Q. You come from a math background. Did you always make art, as well? If not, what was your initiation into art making?
A. Yes, I majored in pure math in college after much debate about whether to major in art or math (my mom loved art, and my dad loved math!) I had been drawing and painting since I can remember, and also loved solving problems, but was always drawn to images of one form or another. After college I worked as a computer scientist in computer vision (analyzing images by computer to teach computers how to see). After my children were born, I concentrated on my art making and eventually started showing professionally about 23 years ago.
Q. You seem to approach your work in a way that gives a lot of respect to the white of the paper. I guess by that, I mean you fully engage the white so that it is as much of the composition as the color and marks. Can you speak a bit to that?
A. That’s interesting that you noticed that.
The computer has really made it possible for me to learn a lot about composition as I would move parts of the image around sometimes way too many times, until I got it just “right”. This makes it much easier to see the negative spaces as you are creating the piece and give them equal weight.
Q. There’s some really great color theory playing out in the pieces. For instance, Wild Forest, No. 1 (at top) – uses unconventional colors that, together create a zen visual balance. Can you speak a bit about your color choices and combinations?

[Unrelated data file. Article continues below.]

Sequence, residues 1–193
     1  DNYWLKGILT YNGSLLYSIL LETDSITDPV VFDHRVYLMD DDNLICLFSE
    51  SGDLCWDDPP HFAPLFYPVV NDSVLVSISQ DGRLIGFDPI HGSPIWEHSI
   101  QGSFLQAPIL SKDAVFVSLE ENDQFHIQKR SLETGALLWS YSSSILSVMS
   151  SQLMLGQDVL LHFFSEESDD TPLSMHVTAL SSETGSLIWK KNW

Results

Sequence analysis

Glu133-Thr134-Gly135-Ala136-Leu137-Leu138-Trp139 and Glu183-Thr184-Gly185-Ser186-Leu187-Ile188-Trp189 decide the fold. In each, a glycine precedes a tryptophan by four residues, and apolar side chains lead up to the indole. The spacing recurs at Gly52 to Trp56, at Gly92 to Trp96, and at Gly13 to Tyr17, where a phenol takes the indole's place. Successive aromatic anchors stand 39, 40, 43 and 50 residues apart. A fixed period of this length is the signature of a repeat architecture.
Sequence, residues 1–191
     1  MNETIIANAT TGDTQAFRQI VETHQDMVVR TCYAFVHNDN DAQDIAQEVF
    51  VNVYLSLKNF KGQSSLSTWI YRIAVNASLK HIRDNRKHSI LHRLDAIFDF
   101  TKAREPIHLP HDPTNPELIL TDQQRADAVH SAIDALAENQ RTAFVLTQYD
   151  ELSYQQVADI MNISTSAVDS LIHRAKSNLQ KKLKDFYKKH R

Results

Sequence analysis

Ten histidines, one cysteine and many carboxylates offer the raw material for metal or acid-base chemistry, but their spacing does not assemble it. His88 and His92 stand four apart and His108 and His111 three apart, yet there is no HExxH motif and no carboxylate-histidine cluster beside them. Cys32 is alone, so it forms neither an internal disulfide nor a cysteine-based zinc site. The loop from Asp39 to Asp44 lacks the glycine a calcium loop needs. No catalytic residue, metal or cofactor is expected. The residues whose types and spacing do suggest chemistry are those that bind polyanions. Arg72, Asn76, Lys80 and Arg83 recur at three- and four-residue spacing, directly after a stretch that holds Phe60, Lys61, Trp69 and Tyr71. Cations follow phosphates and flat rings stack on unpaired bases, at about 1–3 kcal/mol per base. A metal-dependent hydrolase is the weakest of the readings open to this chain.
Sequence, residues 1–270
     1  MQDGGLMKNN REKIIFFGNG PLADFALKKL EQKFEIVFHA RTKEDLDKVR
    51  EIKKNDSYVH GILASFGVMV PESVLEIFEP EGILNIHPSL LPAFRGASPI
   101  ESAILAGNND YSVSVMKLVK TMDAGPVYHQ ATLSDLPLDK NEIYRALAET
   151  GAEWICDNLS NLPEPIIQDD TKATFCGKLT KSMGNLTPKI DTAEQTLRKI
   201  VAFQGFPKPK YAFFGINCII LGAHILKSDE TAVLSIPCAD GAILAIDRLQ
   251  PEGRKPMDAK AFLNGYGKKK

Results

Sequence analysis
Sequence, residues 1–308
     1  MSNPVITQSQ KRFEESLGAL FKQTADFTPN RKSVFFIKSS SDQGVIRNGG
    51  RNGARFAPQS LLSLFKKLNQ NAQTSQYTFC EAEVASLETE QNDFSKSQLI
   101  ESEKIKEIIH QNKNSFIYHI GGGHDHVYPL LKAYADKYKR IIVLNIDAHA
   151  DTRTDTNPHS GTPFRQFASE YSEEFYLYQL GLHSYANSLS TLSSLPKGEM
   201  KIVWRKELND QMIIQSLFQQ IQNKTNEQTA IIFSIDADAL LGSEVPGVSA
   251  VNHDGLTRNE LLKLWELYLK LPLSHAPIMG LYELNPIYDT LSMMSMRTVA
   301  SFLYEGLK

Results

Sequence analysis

A. I love color — and getting to play around with it on the computer can be addictive. Plus one can experiment endlessly. One can adjust not only the color, but also the intensity or saturation, and also the lightness or darkness or value of the color. The computer has also been really helpful in teaching me to see colors of the same value.
Believe it or not, there were a lot of gray days where I was working in California (one Pacific Storm after another of rain for weeks). So when a bit of blue sky finally peeked out of the clouds it was striking. So I did start working with color against some more neutral tones, and then sometimes I would just get happy accidents by experimenting with changing the color’s value, hue or saturation, or by combining colors from one piece that were sitting next to another piece on the computer screen, and found that it looked unusually balanced.